- you are put on lists and then forgotten." Jumale asked us to
inquire about the status of the designation and the process through
which he and al-Barakaat could be de-listed. Jumale said that he
would like to directly engage with the U.S.
12. (SBU) Jumale offered the example of Somalis creating and
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operating their own airlines, financial institutions, and private
companies to fulfill all of the public services like electricity,
water, and telecommunications that a government would normally
provide. He described private pipelines installed in most Somali
cities that provide water for those who can pay. He told us that
eleven companies are competing in a vibrant telecommunications
sector with an infrastructure stronger than most countries in the
region. In the highly competitive financial sector, there are ten
major companies and over thirty smaller ones.
13. (SBU) Jumale said that there has been little progress on major
infrastructure projects and they want a government who can secure an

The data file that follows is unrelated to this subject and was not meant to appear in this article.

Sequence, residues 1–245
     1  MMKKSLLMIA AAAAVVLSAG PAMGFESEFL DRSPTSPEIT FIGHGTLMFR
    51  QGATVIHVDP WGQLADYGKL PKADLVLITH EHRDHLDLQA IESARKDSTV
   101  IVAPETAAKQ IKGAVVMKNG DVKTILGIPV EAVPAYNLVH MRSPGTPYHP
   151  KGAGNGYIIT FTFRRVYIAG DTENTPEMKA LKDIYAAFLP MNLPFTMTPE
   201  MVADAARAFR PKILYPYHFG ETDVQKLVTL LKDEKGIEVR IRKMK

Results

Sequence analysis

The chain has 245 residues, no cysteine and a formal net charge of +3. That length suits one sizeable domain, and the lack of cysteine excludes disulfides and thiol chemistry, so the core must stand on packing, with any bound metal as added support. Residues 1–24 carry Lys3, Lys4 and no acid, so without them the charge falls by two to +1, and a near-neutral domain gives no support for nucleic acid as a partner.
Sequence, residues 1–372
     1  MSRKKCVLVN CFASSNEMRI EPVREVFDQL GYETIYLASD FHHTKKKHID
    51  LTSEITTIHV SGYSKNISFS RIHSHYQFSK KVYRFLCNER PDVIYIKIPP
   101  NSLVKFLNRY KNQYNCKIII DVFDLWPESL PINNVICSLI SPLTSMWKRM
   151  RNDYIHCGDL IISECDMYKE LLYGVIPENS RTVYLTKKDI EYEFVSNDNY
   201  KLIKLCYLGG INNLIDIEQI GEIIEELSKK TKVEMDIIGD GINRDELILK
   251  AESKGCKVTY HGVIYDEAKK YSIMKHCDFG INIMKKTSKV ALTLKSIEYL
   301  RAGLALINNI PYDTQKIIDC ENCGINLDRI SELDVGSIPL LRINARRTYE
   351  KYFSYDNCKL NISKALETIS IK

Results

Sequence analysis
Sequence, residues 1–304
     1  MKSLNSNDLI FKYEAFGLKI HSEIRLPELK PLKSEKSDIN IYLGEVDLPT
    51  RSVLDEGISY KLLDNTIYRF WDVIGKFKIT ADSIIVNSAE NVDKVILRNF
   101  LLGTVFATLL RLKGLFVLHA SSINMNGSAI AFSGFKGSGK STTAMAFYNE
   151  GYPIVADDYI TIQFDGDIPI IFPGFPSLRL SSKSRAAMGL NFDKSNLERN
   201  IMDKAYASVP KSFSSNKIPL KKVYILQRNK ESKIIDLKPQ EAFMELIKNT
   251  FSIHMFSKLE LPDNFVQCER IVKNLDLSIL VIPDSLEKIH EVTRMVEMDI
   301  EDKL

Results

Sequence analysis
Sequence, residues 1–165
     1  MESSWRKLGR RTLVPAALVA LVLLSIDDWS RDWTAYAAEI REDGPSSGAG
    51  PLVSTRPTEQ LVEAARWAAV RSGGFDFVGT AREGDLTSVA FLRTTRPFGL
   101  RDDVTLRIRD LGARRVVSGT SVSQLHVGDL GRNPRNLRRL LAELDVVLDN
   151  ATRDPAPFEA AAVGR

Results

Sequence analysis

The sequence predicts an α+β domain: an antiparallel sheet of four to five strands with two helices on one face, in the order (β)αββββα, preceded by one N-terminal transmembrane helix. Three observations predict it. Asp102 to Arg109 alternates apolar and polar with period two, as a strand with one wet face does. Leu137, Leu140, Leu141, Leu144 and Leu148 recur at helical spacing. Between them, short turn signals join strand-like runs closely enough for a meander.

environment for large-scale investment. He said that while the
private sector has led the way, Somalia needs a recognized and
respected government to finance large infrastructure and security
projects. He said that Somalis are willing to take the risk and
re-invest in the country and would welcome joint ventures with U.S.
companies. He asked for our help to refocus international attention
14. (SBU) Jumale asked us that we not misread messages suggesting
Somalis do not like Americans. He indicted his willingness to
personally support shared solutions to Somalia's problems of peace,
security, and stability. He concluded, "For the last twenty years,
we have been working interested parties in the Middle East and Asia;
we are now ready for a business relationship with the United
Recommended Next Steps
15. (SBU) The business leaders proposed concrete ideas for next